Going sleeveless can be a surprisingly controversial decision. The bare-armed look is everywhere these days, on women of every age and size. Stores are overflowing with tank sheaths and other shoulder-baring tops and dresses. Yet the rules of when to bare your arms aren't clear. Women who do it are sometimes criticized if they are deemed too old or their arms too flabby. Such judgments leave many women feeling self-conscious. Sleeveless is the predominant look in dresses and tops for summer and a favorite of designers. But more women are wondering about the unwritten rules of going sleeveless. WSJ's Christina Binkley joins Tanya Rivero to discuss. Photo: Caitlin Ochs for The Wall Street Journal Apparel labels and retailers are keenly aware of women's desire for sleeves. Women have swamped Appré, a fashion site that caters to mature women, with requests for more tops and dresses with sleeves, says co-founder Cynthia Weber-Cleary. "We should just name our site and we'd make a fortune,"she says. Outside the Vatican, few workplaces still have formal rules about sleeves, other than banning spaghetti straps and strapless tops. Yet even though society has dropped other longtime fashion conventions, from hosiery to neckties, bare-arm phobia hangs on. Men face it, too: They go sleeveless only at the most casual of places or for athletic activities—and not even at most golf courses. Author and television personality Moll Anderson says she flouts other old-fashioned rules her mother taught her, such as one that she should cut her hair short after marrying and having a baby. And in principle, she believes in the right to bare arms. "If you're comfortable in your own skin, you should wear it. I don't care if you're 90 years old," she says. But she started to feel self-conscious about her arms two years ago, and began covering them up. "I'm going to be 57 this year,' she says. "Sometimes the judgment is so harsh." Michaela Jedinak, founder and designer of an eponymous British label that caters to women in finance and politics, says she carries only two sleeveless dresses because most of her clients prefer short sleeves. Ms. Jedinak says sleeves help to create a more balanced look that is perceived as stronger and more professional. Jamak Khazra, founder and designer of Blue Suits, a custom label that caters to executive women and socialites, says going sleeveless is more of a concern for her American clients than Europeans. Even young professionals worry, she says. Women in their 20s and 30s are more likely to reject these rules. Marianne Kirby, a 38-year-old blogger and social critic in Alexandria, Va., penned a treatise in favor of going sleeveless at any size. She says she considers herself "indisputably fat" but goes sleeveless without qualms. "We all want Michelle Obama 's arms," she says, referring to the first lady's famously toned limbs. But she says she rejects "all sorts of rules about controlling women's appearance." Ms. Kirby does use a rule of “three pieces make an outfit." Adding a scarf or statement necklace, for instance, can take the focus off your arms when you're wearing a sleeveless top. This is one area where personal preference can rule. The long-armed look of sleeveless can be more flattering than some short sleeves. But sleeveless tops and dresses require excellent fit. Too big an armhole can reveal undergarments, while too tight a fit looks awkward and is uncomfortable. A sleeveless sheath or top worn under a jacket or sweater is wonderfully flexible, offering warmth in frigid air conditioning, as well as armor for that moment when the boss steps in for an impromptu chat. Switch the jacket for a shawl, and you've gone day-into-evening, when many people feel more relaxed about going sleeveless even with professional colleagues. Ms. Khazra notes that it's never too late to go bare. She notices that her clients get freer about bare shoulders as they get older. "My clients past 60, they keep the jacket on," she says. But "past 75 or 80—they go sleeveless at galas. At that age they want to be free of all these thoughts."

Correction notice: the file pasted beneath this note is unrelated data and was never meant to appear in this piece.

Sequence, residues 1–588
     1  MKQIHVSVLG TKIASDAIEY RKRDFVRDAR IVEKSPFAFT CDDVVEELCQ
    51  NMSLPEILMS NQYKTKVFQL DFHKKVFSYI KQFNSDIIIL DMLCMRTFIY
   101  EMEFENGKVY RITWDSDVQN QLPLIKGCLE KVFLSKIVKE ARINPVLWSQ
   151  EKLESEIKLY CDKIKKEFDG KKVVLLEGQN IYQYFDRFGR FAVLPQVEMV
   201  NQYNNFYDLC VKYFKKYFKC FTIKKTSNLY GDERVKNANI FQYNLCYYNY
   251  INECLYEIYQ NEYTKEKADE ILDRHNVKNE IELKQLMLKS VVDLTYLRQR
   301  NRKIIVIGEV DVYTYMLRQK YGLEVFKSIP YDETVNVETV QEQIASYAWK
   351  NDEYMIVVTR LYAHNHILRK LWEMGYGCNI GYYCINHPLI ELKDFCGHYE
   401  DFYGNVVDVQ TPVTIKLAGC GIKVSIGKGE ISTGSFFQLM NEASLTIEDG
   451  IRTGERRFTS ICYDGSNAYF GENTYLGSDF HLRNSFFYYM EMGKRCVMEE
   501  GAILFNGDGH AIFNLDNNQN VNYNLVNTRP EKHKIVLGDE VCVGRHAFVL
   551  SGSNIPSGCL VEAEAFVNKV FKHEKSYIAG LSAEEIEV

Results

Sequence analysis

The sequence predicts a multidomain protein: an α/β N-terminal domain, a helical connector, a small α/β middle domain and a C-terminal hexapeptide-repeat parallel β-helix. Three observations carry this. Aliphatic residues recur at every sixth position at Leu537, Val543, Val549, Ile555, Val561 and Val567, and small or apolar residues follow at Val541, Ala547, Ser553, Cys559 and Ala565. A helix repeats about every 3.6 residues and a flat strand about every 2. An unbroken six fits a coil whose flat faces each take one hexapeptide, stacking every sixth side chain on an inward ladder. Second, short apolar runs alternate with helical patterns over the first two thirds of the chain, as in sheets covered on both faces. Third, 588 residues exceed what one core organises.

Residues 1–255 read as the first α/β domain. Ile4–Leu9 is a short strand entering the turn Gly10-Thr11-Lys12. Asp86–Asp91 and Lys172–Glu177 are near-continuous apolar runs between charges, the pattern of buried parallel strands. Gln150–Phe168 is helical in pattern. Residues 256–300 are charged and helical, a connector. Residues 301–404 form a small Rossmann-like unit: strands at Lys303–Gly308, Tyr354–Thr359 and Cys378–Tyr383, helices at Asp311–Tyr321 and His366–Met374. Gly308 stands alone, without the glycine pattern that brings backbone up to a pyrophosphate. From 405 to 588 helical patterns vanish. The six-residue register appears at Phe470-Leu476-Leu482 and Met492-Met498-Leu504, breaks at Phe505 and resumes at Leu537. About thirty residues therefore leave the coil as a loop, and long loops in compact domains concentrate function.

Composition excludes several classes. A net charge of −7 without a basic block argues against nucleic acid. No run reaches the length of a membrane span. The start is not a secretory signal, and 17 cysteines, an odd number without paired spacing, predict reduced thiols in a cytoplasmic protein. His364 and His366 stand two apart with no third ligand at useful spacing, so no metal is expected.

The Wall Street Journal

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Bluesuits got a shout out today on CNBC by Jane Wells. We are thrilled. At a time when many manufacturers are trying to cut costs by using less expensive fabrics, trim and production practices, Bluesuits is doing just the opposite and raising the bar by introducing more luxurious fabrics and trims and even better constructed jackets in our Fall Collection.

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Deborah Duncan of Great Day Houston Talks to Jamak Khazra

Deborah Duncan of Great Day Houston in Bluesuits Tropical wool Long Jacket and Fly-Front Pants Jamak Khazra, Founder/ Bluesuits in Bluesuits short round neck jacke

Deborah Duncan of Great Day Houston Talks to Jamak Khazra

View selections of Bluesuits Collection designed by Iranian Fashion Designer Jamak Khazra as seen on Debra Duncan Show, Great Day Houston including Women's business suits, pantsuits, summer dresses, long skirts, evening suits,faux fur coat, skirt suit and business dress for women.